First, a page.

"Useful resource": "*"
        }]
    }

  3. Obtain the CSV eSports Earnings dataset and add the CSV file highest_earning_players.csv to the S3 folder you can be utilizing on this use case.

Create an AWS Glue Studio pocket book

Let’s get began. Create a brand new AWS Glue Studio pocket book job by finishing the next steps:

  1. On the AWS Glue console, select Notebooks underneath ETL jobs within the navigation pane.
  2. Choose Jupyter Pocket book and select Create.
  3. For Job identify, enter CodeWhisperer-s3toJDBC.

A brand new pocket book will probably be created with the pattern cells as proven within the following screenshot.

We use the second cell for now, so you may take away all the opposite cells.

  1. Within the second cell, replace the interactive session configuration by setting the next:
    1. Employee sort to G.1X
    2. Variety of staff to three
    3. AWS Glue model to 4.0
  2. Furthermore, import the DynamicFrame module and current_timestamp perform as follows:
    from pyspark.sql.capabilities import current_timestamp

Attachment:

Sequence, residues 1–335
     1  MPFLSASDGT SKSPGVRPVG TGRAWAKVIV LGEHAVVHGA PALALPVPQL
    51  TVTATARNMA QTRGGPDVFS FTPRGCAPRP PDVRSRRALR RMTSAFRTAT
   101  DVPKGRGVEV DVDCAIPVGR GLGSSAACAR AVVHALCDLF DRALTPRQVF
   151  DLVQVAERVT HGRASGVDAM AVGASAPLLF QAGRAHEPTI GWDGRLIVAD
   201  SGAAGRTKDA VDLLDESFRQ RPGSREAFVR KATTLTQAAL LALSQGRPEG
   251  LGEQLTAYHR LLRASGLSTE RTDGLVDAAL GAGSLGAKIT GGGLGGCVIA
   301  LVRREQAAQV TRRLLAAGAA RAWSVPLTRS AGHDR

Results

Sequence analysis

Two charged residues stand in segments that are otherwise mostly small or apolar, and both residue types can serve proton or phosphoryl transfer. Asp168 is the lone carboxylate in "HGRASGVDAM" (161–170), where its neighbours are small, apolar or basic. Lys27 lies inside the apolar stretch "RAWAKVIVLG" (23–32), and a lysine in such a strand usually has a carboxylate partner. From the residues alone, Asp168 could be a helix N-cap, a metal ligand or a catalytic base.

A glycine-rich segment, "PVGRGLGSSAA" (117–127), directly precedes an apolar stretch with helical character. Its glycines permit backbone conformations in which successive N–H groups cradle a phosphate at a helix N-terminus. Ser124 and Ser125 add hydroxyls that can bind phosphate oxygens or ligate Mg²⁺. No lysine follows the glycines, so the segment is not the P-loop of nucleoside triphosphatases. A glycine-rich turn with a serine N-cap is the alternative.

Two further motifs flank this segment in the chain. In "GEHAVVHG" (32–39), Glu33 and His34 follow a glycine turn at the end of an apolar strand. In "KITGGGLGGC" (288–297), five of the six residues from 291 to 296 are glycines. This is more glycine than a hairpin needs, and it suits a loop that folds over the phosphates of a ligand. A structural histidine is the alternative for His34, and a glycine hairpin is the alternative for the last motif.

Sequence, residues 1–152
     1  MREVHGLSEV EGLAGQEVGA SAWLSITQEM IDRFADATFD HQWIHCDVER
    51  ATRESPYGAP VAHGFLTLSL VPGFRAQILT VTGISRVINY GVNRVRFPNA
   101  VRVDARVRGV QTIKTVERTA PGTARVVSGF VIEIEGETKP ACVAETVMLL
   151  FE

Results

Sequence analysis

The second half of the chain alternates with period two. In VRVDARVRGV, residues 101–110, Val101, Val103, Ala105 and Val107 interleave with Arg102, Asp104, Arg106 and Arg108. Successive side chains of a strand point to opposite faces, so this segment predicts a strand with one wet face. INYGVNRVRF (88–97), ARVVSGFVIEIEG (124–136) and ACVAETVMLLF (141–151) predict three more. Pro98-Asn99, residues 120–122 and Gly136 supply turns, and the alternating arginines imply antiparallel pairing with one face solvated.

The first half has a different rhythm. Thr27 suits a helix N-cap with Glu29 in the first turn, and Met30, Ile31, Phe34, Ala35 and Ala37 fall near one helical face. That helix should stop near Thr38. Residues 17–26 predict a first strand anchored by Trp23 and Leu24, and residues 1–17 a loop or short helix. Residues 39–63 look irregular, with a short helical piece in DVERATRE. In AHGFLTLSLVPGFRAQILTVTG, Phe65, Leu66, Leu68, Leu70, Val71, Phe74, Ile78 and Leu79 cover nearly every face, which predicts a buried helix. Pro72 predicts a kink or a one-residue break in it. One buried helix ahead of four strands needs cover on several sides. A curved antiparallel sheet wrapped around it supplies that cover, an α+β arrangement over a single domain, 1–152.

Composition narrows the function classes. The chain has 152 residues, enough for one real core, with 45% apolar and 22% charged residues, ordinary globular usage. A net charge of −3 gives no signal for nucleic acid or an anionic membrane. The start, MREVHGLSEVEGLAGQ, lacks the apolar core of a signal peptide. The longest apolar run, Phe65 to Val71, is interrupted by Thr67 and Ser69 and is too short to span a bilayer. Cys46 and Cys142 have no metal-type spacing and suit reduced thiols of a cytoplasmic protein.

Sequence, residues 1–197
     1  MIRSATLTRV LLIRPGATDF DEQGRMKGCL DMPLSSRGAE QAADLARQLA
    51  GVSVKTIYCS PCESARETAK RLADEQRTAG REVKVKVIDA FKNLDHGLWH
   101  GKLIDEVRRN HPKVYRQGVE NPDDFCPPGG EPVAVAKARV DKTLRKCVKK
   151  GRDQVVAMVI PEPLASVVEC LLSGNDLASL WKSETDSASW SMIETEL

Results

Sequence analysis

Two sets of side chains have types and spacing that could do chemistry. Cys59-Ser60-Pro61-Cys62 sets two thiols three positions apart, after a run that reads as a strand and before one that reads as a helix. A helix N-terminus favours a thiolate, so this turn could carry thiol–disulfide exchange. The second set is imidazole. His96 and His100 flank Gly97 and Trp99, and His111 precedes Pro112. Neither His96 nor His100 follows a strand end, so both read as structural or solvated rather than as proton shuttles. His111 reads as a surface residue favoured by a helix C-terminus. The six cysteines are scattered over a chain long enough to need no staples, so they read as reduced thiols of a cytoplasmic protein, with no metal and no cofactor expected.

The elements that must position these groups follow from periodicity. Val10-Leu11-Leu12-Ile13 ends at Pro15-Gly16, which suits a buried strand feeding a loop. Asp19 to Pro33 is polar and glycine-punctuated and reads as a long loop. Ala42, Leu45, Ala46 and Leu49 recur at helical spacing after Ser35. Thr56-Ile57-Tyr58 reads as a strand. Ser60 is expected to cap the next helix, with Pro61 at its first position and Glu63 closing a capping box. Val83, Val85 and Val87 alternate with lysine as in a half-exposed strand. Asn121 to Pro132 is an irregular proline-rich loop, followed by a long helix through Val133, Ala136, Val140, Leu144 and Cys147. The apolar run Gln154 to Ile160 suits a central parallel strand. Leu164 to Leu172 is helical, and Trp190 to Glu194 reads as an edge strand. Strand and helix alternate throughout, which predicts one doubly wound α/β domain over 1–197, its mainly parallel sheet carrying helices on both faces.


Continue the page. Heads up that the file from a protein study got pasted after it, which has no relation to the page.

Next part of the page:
from awsglue.dynamicframe import DynamicFrame

After you make these adjustments, the pocket book needs to be trying like the next screenshot.

Now, let’s guarantee CodeWhisperer is working as supposed. On the backside proper, one can find the CodeWhisperer possibility beside the Glue PySpark standing, as proven within the following screenshot.

You’ll be able to select CodeWhisperer to view the choices to make use of Auto-Options.

Develop your code utilizing CodeWhisperer in an AWS Glue Studio pocket book

On this part, we present easy methods to develop an AWS Glue pocket book job for Amazon S3 as an information supply and JDBC information sources as a goal. For our use case, we have to guarantee Auto-Options are enabled. Write your advice utilizing CodeWhisperer utilizing the next steps:

  1. Write a remark in pure language (in English) to learn Parquet recordsdata out of your S3 bucket: